Wednesday, April 18, 2018 / by Todd Eves
The Bank of Canada is maintaining its trend-setting interest rate as its careful assessment of the timing of future hikes continues amid a backdrop of moderating growth.
The central bank, which kept its rate at 1.25 percent Wednesday, said the slower first-quarter growth of about 1.3 percent was largely a result of housing markets' responses to stricter mortgage rules and sluggish exports. The bank had predicted the economy to expand by 2.5 percent in the first three months of the year.
It's expecting the economy to rebound in the second quarter with 2.5 percent growth, in part because of rising foreign demand, to help Canada expand by two percent for all of 2018. The economy saw three percent growth in 2017.
"Canada's economic growth has moderated, and the economy is operating close to capacity," the bank said in its latest monetary policy report, which was released alongside the rate announcement.
"While a moderation was anticipated, temporary factors ... are resulting in sizable ...
Friday, April 13, 2018 / by Todd Eves
New stress test regulations prompt Canadian homebuyers to increase budgets, re-evaluate home features or delay their purchase
Toronto/Kelowna April 10, 2018 // RE/MAX has released its 2018 Spring Market Trends Report, revealing that more than one in four Canadian homebuyers are feeling pinched by the stress test, according to a survey conducted by Leger. However, projections for the spring market show optimism, with most markets expected to remain stable or improve.
The average residential sale price in the Greater Toronto Area dropped to $753,747, down almost 10 percent from $834,144 in January and February of 2017. With move-up buyers driving the market — many of whom are making their second or third transition — alongside a booming condominium market, prices should continue to soften throughout the year. Areas surrounding the GTA, including Brampton and Durham region, continue to be viable options for young f ...
Friday, April 06, 2018 / by Todd Eves
Financial Q1 2018 Recap: Global Turmoil & Market Decline
Global Economy Downturn Impacts Canadians At Home
A Federal Reserve committed to increasing interest rates, trade wars between economic giants starting, and a mixed economic picture at home are all forces which will impact the real estate market and overall economy of southern Ontario.
Federal Reserve staying on course
Recently appointed Governor of the Federal Reserve Jerome Powell has stated in committee in the U.S. Congress that the Fed will continue the path of gradually raising interest rates. The Fed recently raised rates by about 0.25% a week ago, taking the effective rate to 1.68%. While still incredibly low by historical standards, this represents a consistent effort by the Fed to tighten America's money supply.
Bank Of Canada Likely To Follow With Own Rate Hikes
It is li ...
Monday, March 12, 2018 / by Todd Eves
Toronto developers had one of their busiest months on record in February in another sign the condo market is alive and well in Canada’s biggest real estate market, even amid a broader slowdown.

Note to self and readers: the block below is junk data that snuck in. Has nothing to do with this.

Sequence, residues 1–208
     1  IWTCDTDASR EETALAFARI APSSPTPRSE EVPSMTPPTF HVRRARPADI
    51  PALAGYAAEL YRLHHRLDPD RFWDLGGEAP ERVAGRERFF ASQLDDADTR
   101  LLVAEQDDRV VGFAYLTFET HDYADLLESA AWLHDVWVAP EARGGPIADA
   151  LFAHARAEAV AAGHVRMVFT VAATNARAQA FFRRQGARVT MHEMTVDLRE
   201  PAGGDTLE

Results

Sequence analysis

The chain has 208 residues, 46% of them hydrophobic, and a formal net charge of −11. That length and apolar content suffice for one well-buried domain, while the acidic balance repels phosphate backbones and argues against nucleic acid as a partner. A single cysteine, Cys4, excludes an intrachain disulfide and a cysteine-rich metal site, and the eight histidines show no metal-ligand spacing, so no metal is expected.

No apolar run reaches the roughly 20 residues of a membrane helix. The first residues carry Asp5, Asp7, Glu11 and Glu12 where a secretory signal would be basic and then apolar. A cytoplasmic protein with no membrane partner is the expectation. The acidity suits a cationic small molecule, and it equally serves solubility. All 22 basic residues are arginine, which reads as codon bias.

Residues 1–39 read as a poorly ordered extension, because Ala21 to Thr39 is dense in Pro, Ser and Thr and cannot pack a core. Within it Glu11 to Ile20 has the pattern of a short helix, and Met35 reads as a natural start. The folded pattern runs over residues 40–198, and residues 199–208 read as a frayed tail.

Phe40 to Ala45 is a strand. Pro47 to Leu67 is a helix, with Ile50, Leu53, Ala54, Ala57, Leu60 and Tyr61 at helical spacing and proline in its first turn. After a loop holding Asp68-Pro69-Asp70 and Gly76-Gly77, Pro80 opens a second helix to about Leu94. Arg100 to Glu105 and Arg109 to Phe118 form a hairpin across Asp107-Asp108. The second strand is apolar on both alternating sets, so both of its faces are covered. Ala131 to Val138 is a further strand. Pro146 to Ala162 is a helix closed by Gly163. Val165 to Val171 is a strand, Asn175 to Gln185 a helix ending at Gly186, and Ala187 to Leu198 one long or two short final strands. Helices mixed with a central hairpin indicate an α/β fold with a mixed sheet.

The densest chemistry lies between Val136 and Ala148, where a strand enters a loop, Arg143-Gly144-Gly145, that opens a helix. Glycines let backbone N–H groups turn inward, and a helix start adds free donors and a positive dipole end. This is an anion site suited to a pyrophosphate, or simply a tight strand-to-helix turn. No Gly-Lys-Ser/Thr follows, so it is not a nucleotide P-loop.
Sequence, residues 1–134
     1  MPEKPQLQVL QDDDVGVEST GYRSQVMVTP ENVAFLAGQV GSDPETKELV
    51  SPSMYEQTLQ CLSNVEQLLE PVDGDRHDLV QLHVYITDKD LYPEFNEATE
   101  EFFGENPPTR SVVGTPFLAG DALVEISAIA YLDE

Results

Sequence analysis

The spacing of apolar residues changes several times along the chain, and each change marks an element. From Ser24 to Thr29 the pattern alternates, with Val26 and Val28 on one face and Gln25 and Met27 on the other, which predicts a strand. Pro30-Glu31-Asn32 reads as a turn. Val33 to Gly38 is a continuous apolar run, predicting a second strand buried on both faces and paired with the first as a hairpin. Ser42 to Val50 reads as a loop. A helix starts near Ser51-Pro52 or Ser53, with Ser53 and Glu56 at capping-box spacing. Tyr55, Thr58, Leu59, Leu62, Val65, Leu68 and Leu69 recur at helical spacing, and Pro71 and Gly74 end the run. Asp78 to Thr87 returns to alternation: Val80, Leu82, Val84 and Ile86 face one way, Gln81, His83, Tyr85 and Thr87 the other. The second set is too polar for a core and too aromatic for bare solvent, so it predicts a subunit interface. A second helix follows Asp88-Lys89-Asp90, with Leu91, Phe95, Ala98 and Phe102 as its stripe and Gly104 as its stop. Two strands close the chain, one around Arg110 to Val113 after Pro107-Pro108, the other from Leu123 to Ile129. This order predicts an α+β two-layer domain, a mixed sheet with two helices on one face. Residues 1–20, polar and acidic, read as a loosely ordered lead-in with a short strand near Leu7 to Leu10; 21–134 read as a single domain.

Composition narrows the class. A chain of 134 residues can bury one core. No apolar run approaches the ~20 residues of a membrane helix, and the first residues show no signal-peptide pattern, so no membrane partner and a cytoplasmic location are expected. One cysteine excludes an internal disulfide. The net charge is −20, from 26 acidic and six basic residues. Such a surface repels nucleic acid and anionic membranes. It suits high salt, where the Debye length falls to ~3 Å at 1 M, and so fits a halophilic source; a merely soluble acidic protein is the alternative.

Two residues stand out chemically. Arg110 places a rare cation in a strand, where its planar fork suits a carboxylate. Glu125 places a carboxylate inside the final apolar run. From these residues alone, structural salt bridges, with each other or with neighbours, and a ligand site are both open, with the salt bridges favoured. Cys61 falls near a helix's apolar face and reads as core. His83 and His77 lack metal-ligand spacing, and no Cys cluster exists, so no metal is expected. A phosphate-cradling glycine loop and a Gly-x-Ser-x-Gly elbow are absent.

Builders began work on 5,677 units during the month, most of them multiple-unit projects like condos, the Canada Mortgage and Housing Corp. said Thursday in Ottawa. That’s the strongest February, and the sixth-highest figure for any month, in records back to 1948.
The bulk of Toronto condo units are typically sold before construction begins, so the latest surge may simply reflect past sales. But the report also suggests developers are betting the condo market will be less affected by headwinds including higher borrowing costs and tighter mortgage qualification rules that are currently hitting Toronto housing.
“It’s probably lagging a little bit. Historically you tend to see supply follow demand,” said Robert Kavcic, an economist at Bank of Montreal. “The ot ...
Wednesday, March 07, 2018 / by Todd Eves
The Bank of Canada kept its key interest rate target on hold as it pointed to a climate of broadening, important unknowns around trade.
In explaining its decision to maintain its benchmark rate at 1.25 percent, the central bank notes that recent trade policy developments are a key source of uncertainty for the Canadian and global outlooks.
U.S. President Donald Trump recently added threats of steel and aluminum tariffs to an already uncertain context for Canada that includes concerns over NAFTA's renegotiation and competitiveness following tax-cut announcements south of the border.
The Bank of Canada notes fourth-quarter growth was weaker than expected, largely due to higher imports, and that it's still assessing impacts on housing markets from new policies, including mortgage rules.
But it says global growth continues to be solid and broad-based, the economy is running near capacity, inflation is close to target and wage growth has improved, although still remains ...